Oct 01, 2008 rated it it was ok
The artwork in this graphic novel set in Cote d'Ivoire makes this book worth reading. The plot started mid-way in the usual comic book cycle and there wasn't enough character differentiation to hold a rather jarred storyline peppered with the usual African stereotypes: the young single mother, the authoritarian father, the bad boy whose come back from overseas. I would look through the pictures in the other installments, but otherwise not bother.
David Schaafsma
Dec 19, 2012 rated it liked it
Shelves: gn-ya, gn-women
Ivory Coast, slice of life stories, and you get the feel of the place in the seventies... the pull to Europe and the US, the pull to maintain some cultural integrity, but this is not a big ambitious political book. It is an attractively drawn and entertaining view of this country in transition, with a focus on Aya and her mostly girl friends....
Mar 06, 2017 rated it really liked it
I started here without having read the first book, but it didn't matter. This is charming slice of life set in the Ivory Coast in the 1970s. The characters are well drawn, both figuratively and literally, and there is a nice sense of humour on display. Visually it's a little reminiscent of Joann Sfar's work, but it also brought to mind Gilbert Hernandez's Palomar stories.
Mar 06, 2012 rated it liked it
Shelves: graphic-novels
The second in a series translated from French, this graphic novel details the life story of a teenage girl growing up in a working class neighbourhood of Abidjan Ivory Coast in the 1970s (prior to the current issues of civil war, corruption and economic collapse that this country has faced for the last 30 years). Well, really this story tells very little about Aya (I see her as being more of a foil for her friends than an actual person inhabiting these stories, but maybe that will change as the ...more
Mar 30, 2015 rated it really liked it
The second volume continues Aya and her friends adventure or misadventures.
This part mostly dealt with people reaping what they sowed in volume one in terms of shenanigans and mischief. Alas I'm beginning to wonder if Bintou is just plain stupid or she thinks extremely high of herself. I don't know, but I hope vol 3 will give me an answer.
Everything else about the book is just as enjoyable as before even though this one is not as funny as the first.
It also ended with a very loud bang and I'm dyi
Jan 20, 2009 rated it really liked it
Shelves: graphic-novels
Both Aya books were good, but the 2nd one was much more complex, running several story lines simultaneously, based on character knowledge acquired during the more conventional and slower-paced first book.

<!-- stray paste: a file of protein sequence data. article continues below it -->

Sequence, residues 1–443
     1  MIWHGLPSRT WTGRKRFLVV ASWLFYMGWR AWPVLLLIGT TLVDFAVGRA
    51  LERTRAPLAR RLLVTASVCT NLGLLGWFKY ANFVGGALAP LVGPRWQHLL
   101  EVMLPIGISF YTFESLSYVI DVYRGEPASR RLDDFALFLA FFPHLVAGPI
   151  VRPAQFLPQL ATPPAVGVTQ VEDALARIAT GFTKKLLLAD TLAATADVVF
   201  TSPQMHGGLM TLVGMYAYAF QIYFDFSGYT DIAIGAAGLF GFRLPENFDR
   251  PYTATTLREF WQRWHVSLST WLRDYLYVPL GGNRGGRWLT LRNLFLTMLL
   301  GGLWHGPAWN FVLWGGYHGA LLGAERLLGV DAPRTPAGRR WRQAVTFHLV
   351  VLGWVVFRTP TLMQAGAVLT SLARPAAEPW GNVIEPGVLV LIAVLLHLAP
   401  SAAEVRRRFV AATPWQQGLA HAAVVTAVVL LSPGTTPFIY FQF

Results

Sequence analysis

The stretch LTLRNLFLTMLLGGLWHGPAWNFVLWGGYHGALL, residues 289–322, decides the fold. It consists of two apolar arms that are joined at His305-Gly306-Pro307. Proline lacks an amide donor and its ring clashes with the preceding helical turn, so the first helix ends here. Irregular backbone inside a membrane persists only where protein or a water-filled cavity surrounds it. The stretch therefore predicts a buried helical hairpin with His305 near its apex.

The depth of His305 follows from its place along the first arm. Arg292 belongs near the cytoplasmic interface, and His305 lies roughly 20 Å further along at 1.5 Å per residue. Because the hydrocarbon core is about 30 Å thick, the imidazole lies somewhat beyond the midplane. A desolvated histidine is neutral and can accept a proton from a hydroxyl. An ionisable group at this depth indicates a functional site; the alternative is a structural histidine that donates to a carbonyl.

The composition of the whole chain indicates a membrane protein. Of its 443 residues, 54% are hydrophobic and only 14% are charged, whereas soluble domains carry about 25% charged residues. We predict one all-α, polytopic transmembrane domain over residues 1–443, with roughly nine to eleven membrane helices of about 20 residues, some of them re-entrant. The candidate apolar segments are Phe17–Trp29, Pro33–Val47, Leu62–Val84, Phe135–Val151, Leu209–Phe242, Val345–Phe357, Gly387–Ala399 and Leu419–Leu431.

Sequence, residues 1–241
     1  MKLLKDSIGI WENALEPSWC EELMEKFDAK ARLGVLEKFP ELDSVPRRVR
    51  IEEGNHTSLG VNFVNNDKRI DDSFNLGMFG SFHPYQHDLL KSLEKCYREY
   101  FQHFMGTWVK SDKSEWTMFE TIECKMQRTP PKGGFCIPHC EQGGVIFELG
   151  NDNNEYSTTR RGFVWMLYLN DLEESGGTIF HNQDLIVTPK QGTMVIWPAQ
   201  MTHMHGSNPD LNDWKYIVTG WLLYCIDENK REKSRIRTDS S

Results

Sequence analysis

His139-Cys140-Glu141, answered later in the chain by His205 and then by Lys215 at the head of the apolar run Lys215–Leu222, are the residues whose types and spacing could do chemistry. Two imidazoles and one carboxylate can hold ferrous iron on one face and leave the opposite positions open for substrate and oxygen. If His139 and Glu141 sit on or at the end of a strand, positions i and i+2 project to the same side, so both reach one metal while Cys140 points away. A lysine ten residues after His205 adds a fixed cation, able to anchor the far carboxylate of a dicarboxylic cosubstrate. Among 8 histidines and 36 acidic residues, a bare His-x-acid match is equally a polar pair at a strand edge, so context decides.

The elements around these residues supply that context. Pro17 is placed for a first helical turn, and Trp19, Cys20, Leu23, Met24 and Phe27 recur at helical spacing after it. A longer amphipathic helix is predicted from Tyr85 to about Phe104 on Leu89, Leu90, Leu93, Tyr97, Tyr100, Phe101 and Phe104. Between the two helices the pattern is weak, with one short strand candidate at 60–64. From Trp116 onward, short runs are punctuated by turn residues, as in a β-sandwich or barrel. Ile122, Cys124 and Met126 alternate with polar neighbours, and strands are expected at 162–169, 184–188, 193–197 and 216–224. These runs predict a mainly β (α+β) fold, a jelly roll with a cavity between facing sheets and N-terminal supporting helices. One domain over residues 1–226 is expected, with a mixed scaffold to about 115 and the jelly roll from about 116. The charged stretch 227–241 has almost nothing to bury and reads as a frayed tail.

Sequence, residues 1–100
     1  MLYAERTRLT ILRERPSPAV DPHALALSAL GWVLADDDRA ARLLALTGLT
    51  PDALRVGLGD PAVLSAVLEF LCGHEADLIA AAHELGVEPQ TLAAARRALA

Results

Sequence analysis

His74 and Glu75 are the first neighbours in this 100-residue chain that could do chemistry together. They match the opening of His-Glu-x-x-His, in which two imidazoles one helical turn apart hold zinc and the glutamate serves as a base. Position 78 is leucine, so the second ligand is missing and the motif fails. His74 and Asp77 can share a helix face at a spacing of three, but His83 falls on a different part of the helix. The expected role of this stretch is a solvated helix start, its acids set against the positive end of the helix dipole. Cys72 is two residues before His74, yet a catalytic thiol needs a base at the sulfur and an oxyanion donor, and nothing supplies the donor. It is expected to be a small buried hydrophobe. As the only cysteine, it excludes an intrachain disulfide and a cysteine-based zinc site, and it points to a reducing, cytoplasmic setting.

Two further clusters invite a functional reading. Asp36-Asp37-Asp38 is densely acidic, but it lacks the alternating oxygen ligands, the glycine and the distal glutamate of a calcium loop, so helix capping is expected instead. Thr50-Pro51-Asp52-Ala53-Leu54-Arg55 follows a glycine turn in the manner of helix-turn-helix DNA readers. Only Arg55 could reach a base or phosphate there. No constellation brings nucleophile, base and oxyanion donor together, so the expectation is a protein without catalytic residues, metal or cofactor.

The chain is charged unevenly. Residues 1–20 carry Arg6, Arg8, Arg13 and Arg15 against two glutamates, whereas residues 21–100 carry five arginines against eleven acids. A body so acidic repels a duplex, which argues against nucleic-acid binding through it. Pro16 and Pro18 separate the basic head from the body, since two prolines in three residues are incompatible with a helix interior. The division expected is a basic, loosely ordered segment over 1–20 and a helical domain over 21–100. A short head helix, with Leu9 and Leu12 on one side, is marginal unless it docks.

It was really fun to learn about the Ivory Coast in the 1970s, and I especially enjoyed the notes at the end of the story about customs (like the print of your pagne literally advertises how you're feeling about life and love).
Sep 16, 2017 rated it really liked it
J'ai trouvé l'histoire (enfin les histoires), bien plus captivantes et intéressantes que dans le 1er volume, probablement car moins orientées histoires d'ados. On y retrouve les mêmes personnages, mais mis face à de nouveaux défis ou responsabilités, agréables à découvrir et à suivre. Le tout bien mis en valeur par les graphismes.
Orla Hegarty
An easy insight into an area of the world I know very little about. Except for the ending. Unfortunately this type of 'ending' is far too common amongst my friends and acquaintances from around the globe.
Sep 09, 2013 rated it liked it  ·  review of another edition
And the saga continues.... It's quite good and there are lots of laughs.
Mucho más dinámica que la primera parte. :)
Danika at The Lesbrary
Apr 25, 2015 rated it really liked it
A lot of fun! Gives the feel of a casual glimpse into people's everyday lives. Funny and relatable. I'll definitely be picking up more in the series.
Mar 28, 2018 rated it really liked it
Shelves: loeg-archives
The sequel to last year's Aya, Abouet's not reinventing anything. The story continues to revolve around three teenage girls living in the Ivory Coast circa the late 70s. It's a fun book, with breezy dialogue and complicated emotions and interactions. Oubrerie's artwork is difficult, as the girls are often hard to distinguish, but Abouet clues you in with enough dialogue cues to prevent the story from getting bogged down too often. What I liked least about this book is that it doesn't end - Aboue ...more